Charles H. Robson for the defendant.
Pamela L. Hunt, Assistant Attorney General, for the Commonwealth.
The defendant appeals from a conviction of trafficking in cocaine. After the appeal was entered in this court, the defendant, represented by new counsel, filed a motion in the trial court for a new trial. This was denied, and no appeal was taken from the denial. The record before us does not disclose the basis of the motion for a new trial or the reason for the denial. The appeal from the conviction is based on a claim of ineffective assistance of trial counsel. 1. The defendant faults his trial counsel for a failure to call character witnesses in support of the defendant's claim of entrapment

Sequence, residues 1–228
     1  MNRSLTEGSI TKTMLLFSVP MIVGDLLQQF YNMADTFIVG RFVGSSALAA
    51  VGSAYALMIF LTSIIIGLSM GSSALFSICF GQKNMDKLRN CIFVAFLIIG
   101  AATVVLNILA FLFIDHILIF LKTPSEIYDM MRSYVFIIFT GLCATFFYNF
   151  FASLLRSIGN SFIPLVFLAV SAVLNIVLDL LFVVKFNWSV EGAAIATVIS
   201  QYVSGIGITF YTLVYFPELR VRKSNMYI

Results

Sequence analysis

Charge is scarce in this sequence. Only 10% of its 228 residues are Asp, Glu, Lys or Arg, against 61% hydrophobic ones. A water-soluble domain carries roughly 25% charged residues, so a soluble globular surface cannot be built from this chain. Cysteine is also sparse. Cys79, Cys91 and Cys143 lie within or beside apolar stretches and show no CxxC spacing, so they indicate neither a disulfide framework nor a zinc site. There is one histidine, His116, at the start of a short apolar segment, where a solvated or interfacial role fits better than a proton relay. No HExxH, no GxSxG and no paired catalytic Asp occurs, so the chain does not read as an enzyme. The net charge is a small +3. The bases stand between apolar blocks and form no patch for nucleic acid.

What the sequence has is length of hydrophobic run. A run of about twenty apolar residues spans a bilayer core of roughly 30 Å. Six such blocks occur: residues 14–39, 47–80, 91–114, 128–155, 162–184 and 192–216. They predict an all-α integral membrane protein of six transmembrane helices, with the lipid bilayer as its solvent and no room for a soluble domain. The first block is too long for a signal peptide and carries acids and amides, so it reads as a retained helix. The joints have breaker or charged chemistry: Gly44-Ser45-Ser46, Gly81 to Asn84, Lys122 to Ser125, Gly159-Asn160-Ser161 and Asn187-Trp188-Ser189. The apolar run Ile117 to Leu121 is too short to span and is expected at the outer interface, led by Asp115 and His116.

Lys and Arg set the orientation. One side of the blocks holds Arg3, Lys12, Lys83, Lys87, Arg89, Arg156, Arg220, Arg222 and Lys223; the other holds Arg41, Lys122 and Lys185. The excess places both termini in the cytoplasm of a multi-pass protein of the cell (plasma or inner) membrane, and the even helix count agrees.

who would testify that the defendant was a hard-working, church-going, honest individual who paid his bills on time and was not known to be involved in any criminal activity. Although the defendant's brief asserts that there were such witnesses available to be called, nothing in the record before us substantiates that assertion or shows that the defendant informed trial counsel of the existence of any such witnesses. Without such a showing on the trial record, a claim of ineffective assistance can only be substantiated by an evidentiary showing extrinsic to the trial record, normally in the form of affidavits or testimony in support of a motion for a new trial. See Earl v. Commonwealth, 356 Mass. 181 , 183 (1969); Lamoureux v. Commonwealth, 362 Mass. 880 (1972); Commonwealth v. Porter, 9 Mass. App. Ct. 908 (1980); Commonwealth v. Bookman, 10 Mass. App. Ct. 891 , 892 (1980). 2. It is clear from the transcript that the jury were informed of the informant's 1983 conviction of selling cocaine and that the defendant's counsel skillfully developed the rewards the informant received for his undercover activities into a plausible showing of an incentive to entrap. 3. A decision whether to move to strike a fleeting remark made by a police witness on cross-examination (concerning how informers are always in danger from "people like [the defendant] and his associates") was tactical in nature. The remark was part of a longer, generally responsive answer, from which it would have had to be disentangled by repeating it, and counsel might well have reasoned that the motion to strike would only serve to emphasize the remark and reinforce the damage. Compare Commonwealth v. Pandolphino, ante 96, 101-102 (1992). 4. Although the defendant's brief lists as an issue the Commonwealth's failure to sustain its burden of proof with respect to entrapment, Commonwealth v. Koulouris, 406 Mass. 281 , 284 (1989), the point is not argued. See Mass.R.A.P. 16(a)(4), 367 Mass. 921 (1975). Compare Commonwealth v. Appleby, 389 Mass. 359 , 380 (1983). It would be unavailing in any event; the evidence was plainly sufficient to submit the issue to the jury.